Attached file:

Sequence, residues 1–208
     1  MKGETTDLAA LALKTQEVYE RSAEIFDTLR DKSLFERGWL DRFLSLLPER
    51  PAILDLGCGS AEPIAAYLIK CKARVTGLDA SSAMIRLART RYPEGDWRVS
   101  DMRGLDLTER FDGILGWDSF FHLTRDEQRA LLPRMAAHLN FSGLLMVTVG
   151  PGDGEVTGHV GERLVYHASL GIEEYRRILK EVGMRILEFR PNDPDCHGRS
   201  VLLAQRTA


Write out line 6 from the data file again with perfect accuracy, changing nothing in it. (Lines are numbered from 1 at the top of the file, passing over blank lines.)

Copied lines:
   201  VLLAQRTA